Vice President Joseph Biden, who devoted much of his time last year to helping to oversee the $787 billion stimulus program that Obama signed into law last February.
For heaven's sake - don't you know to right-click on a graph to find its source?! This is the last time I'm teaching elementary web surfing to you:
I was of the understanding that these banks had to repay monies given by your government.
The White House estimates that TARP losses will amount to $117-billion dollars. The fees would raise about $90-billion over 10 years. The fees could be extended if all losses are not covered...The auto companies that received bailouts would not be subject to the fees, nor would Fannie Mae or Freddie Mac.
....Could you kindly highlight the calculation in the story you linked to?...
If harmony on a bail-out fund is elusive, ministers have found something on which they can all agree: the dastardly role played in Greece’s recent troubles by “speculators”. They are accused of buying credit-default swaps (CDSs), a form of insurance against default, in order to drive up Greece’s borrowing costs and then to profit from the ensuing panic. France and Germany have echoed calls for a ban on the so-called “naked” trading of sovereign CDSs, where investors do not hold the bonds they have bought insurance on, and asked the European Commission to look into the matter. The possibility that gyrations in Greek bond yields could be explained by uncertainty about its public finances is, oddly, ignored.
The rating-agency issue is more grounded in reality. From next year bonds will again only be eligible as collateral at the European Central Bank if they are rated A- or above by at least one of the three big rating firms. If Greece loses its remaining A rating from Moody’s, its bonds will be less prized by banks, raising its borrowing costs. But as Mr Weber says, the ECB could choose to lend against lower-rated bonds on more punitive terms. This at least is a real problem with a sensible solution.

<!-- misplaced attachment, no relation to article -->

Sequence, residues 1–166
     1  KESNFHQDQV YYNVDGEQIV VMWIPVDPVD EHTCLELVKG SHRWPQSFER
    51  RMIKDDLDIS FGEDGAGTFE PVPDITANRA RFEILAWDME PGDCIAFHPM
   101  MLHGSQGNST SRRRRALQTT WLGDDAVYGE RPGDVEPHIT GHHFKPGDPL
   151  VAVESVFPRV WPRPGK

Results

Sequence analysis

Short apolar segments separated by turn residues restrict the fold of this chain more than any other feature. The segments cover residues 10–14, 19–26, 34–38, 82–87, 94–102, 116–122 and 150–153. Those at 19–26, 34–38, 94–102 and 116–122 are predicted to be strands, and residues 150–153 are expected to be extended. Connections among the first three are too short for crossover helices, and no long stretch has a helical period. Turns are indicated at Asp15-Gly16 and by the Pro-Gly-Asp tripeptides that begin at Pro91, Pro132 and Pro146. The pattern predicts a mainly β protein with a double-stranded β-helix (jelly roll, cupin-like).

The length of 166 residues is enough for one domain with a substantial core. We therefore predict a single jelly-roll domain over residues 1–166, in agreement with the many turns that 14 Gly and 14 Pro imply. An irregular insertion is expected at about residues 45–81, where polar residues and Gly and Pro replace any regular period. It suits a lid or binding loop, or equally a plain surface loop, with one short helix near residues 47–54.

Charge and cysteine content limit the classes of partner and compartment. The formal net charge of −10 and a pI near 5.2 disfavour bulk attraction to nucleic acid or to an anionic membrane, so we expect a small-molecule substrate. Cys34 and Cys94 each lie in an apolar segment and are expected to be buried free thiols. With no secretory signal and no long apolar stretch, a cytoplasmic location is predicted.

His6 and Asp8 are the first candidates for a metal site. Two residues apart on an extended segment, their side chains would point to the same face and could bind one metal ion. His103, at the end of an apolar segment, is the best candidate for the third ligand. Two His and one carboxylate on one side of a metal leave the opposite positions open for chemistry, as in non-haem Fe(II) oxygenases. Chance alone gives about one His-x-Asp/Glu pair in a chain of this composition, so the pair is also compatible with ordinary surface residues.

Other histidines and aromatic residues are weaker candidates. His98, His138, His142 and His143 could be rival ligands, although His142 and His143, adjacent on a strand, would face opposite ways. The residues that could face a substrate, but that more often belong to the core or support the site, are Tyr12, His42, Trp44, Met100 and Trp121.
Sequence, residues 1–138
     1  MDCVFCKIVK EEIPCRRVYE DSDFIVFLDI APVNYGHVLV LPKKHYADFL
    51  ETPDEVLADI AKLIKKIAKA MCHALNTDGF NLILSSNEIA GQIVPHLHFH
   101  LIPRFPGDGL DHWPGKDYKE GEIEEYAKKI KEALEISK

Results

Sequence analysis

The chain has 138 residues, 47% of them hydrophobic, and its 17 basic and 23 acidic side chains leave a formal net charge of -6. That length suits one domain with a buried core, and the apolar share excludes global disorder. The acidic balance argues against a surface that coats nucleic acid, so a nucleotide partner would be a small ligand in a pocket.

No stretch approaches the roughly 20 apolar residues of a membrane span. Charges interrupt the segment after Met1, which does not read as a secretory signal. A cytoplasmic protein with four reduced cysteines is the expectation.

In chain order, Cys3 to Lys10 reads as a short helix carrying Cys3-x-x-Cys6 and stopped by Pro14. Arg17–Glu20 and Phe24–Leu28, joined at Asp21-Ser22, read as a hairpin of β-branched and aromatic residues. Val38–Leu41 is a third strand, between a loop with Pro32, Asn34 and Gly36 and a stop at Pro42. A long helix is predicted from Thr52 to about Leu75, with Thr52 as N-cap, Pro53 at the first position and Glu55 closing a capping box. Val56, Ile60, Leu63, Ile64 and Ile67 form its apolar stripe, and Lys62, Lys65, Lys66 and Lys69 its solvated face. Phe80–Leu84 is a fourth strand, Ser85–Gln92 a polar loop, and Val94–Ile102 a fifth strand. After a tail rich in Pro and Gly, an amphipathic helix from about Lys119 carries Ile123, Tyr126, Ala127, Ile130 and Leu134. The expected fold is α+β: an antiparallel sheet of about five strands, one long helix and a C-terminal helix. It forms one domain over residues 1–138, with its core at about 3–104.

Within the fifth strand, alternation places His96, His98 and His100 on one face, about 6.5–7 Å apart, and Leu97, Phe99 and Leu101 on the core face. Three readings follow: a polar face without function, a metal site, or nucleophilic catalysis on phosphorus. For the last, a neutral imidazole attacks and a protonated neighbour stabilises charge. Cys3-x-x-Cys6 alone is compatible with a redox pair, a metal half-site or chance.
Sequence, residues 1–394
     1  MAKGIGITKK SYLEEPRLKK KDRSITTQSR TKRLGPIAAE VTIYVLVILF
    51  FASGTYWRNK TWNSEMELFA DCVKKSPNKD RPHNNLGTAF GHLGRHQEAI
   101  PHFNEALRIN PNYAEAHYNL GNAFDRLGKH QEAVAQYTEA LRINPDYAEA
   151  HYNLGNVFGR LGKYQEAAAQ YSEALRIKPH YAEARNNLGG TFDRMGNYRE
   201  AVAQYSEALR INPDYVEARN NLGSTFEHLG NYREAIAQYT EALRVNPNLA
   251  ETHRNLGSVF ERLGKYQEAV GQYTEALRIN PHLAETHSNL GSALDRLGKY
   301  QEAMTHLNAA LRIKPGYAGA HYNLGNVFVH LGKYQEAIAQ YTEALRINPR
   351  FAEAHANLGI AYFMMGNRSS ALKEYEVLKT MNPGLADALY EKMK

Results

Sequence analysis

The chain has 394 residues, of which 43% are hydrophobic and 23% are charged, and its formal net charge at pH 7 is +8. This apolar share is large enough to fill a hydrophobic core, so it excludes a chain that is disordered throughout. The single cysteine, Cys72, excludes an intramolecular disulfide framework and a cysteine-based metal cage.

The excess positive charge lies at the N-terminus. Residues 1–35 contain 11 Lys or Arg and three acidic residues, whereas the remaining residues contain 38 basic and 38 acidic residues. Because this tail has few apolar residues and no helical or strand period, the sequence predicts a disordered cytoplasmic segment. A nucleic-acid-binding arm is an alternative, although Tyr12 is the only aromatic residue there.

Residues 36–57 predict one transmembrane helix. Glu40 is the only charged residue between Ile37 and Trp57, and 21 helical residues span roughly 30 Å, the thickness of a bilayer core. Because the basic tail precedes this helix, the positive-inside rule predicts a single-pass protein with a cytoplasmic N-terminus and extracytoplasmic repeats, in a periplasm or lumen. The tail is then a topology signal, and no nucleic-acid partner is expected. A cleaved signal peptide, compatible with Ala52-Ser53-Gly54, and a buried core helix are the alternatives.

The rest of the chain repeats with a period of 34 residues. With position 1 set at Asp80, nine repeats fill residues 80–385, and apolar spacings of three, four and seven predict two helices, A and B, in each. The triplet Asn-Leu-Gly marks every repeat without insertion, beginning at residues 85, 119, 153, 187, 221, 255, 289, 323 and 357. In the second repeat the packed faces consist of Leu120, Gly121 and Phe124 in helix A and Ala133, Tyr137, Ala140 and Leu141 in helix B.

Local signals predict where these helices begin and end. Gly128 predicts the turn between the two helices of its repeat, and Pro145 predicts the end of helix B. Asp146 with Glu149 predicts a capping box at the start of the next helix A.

But Repo 105 took advantage of an accounting rule called SFAS 140, which enabled Lehman to reclassify such borrowing as a sale. Lehman would give collateral to its counterparty and receive cash in return. Because the deal was being recorded as a sale, the collateral disappeared from Lehman’s balance-sheet and the bank used the cash it generated to pay down debt. To outsiders, it looked as though Lehman had reduced its leverage. In fact, the obligation to buy back the collateral remained. Once the quarter-end had come and gone, Lehman borrowed money to repay the cash and buy back the collateral, and its leverage spiked back up again.
parados wrote:....Could you kindly highlight the calculation in the story you linked to?...
Sorry - anyone incapable of figuring out the meaning ofQuote:on his keyboard is beyond help by any human agency.PGDN